The founding fathers ingrained the separation of God and State in the constitution but with so much sinning going on from the political top on down, it’s no surprise that Americans are god-fearing people. They have good reason to be afraid of the final accounting. Not to worry, from the pulpits of grand cathedrals, to the alters of ornate temples and humble country barns, from shopping mall mosques to lavish flower-festooned televangelist stages, prophets and preachers, imams and rabbis, priests and a host of other pretenders proffer the party line. America is blessed and God is on the nation’s side. The President says it’s so.

What a great country.

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Finding our Pismo


Pismo Beach where surfing is the reason for the season

The short run up 101 from Santa Barbara to Pismo Beach is like driving from Oprah-land into a Beach Boys album. While still technically a freeway, the highway cuts a divided two-lane inland route through green hills and valley farms and pasture land, affording an occasional glimpse of the far-off coast.

Traffic thins out north of Santa Barbara and freeway frenzy is replaced with the somnolence of driving on an uncrowded road through bucolic countryside, where people still work the fields and cattle and horses graze placidly in lush meadows.  The rounded hills and palm trees dotting the landscape give off a vibe that is more laid back Maui than Surfin’ U.S.A., but that changes the moment we turn off the freeway at the city that bills itself as the Clam Capital of the World.

Pismo Beach is located on the Pacific Ocean in the heart of what is known as the Five Cities Area, a cluster of small communities strung out along the coast a few miles south of San Luis Obispo. The Pismo Village Resort, located on the beach a 10-minute walk from the giant clam sculpture that marks the edge of downtown, is a considerable upgrade from our unpleasant experience in Santa Barbara.

The park has a pool, a general store and a restaurant with nightly specials served on the outdoor patio with an impressive selection of draft beer and wine. The sites are spacious and easy to get into and the West Side of the park is fronted not by a concrete wall but instead by a berm that protects campers from the surging ocean. There are no pissed-off parakeets, only wild birds that swoop and shriek from a respectful distance. Best of all, it’s 20 bucks cheaper.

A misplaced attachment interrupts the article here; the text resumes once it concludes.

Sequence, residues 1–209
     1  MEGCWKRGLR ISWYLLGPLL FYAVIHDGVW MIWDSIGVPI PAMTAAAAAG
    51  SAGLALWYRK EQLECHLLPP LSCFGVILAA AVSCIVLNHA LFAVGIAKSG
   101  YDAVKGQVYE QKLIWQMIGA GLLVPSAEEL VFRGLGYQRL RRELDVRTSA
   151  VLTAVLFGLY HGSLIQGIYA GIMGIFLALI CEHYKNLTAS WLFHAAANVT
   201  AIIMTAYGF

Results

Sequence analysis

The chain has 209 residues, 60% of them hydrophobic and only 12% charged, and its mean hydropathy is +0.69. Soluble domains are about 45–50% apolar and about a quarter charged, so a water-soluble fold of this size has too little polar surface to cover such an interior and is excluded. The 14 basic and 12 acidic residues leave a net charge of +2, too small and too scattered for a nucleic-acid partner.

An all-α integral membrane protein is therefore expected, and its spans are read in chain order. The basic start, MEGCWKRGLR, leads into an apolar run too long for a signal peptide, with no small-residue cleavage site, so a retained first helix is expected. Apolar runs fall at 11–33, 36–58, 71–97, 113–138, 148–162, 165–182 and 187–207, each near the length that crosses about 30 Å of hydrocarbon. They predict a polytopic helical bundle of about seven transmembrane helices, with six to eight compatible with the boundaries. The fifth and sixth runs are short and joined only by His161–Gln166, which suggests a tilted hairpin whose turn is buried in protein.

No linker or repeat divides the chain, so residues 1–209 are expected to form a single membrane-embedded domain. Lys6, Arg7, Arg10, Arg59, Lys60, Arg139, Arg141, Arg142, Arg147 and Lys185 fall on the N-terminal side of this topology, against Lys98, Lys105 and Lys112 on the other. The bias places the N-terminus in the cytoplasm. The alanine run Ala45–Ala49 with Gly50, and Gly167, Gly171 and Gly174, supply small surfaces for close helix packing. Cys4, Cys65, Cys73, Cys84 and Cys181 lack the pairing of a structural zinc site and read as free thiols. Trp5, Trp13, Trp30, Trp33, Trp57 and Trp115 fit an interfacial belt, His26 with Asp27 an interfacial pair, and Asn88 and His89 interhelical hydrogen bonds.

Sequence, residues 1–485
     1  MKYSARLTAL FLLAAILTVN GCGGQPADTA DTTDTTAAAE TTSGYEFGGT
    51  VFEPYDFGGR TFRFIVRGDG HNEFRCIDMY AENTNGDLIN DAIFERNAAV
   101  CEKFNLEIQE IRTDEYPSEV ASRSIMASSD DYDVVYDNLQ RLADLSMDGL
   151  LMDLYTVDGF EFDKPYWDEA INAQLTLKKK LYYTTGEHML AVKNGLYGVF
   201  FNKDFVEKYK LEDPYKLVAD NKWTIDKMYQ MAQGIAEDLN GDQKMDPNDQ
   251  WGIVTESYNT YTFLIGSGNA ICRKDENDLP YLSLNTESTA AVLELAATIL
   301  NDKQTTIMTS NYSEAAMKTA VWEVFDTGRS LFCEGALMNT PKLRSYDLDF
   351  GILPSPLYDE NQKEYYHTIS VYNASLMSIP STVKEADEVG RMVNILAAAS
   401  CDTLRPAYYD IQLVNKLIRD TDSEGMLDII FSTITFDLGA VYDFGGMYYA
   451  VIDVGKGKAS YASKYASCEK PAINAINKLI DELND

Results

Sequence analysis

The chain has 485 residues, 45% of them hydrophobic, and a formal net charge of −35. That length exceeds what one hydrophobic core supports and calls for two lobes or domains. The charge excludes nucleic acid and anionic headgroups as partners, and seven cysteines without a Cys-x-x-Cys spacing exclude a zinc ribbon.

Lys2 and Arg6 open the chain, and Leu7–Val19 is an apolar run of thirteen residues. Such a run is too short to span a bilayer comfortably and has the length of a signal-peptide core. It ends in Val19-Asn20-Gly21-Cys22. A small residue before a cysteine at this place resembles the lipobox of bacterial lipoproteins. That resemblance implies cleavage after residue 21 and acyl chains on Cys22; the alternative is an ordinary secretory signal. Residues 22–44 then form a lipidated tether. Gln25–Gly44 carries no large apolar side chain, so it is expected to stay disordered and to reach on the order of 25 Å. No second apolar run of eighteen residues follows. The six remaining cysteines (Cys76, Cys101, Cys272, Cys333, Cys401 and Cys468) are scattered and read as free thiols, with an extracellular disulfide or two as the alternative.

Pismo Beach is Beach Boys country. Its compact downtown area is sprinkled with board shops and unpretentious bars and eating establishments with prices tailored to a young surfer’s budget. Nearby San Luis Obispo is a college town, home to Cal Poly State. Its downtown streets bustle with the energy of the young and hopeful beneath an umbrella-like canopy of hundred-year-old shade trees. A refreshing contrast to the sequestered geezers guarding their privacy and possessions in the walled cities of the Coachella valley.

Up the road a stretch, in the beach-side town of Morro Bay, down main street to the waterfront, past a conglomeration of seaside eateries, bars, small hotels and board and beach shops, hard by a fenced-in power plant with nuclear-like concrete smoke stacks, to a parking lot at the end of the road, serious surfers don wet-suits and paddle into chilly 10-foot waves beneath towering rock faces dotted with the droppings of thousands of sea birds. Seals surface in the shelter of the bay, competing with the gulls and herons for the bounty of the sea, oblivious to the humans in the water and those who line the shore aiming telephoto lenses at the action.

Just another winter day in California.

But wait. A black stretch limo joins the fray, slowly cruising the gravel parking lot, its occupants concealed behind tinted windows. In another beach-side setting, say on the East Coast or the Gulf, the limo might look out of place among the surfers’ SUVs and pickup trucks but this is southern California. Maybe Dennis Wilson has risen from his bed in search of material for another Beach Old Boys tour. Could it be Oprah, chauffeured up from Santa Barbara for a picnic by the sea with Stand-in or, more likely, Gail?

As it nears the water’s edge, a tinted back window lowers to reveal a white man training an expensive camera with a long lens at the ocean scene. Is Mathew McConaughy reverting back to his shirtless surfing persona. No. He’d be in a Lincoln with his dogs. A woman in a facing seat takes a quick peak at the water before retreating back into the darkness within. Too young for Dennis Wilson, too white for Oprah and Stand-in. Maybe someone motored up from the country club in Palm Springs for a breath of ocean air.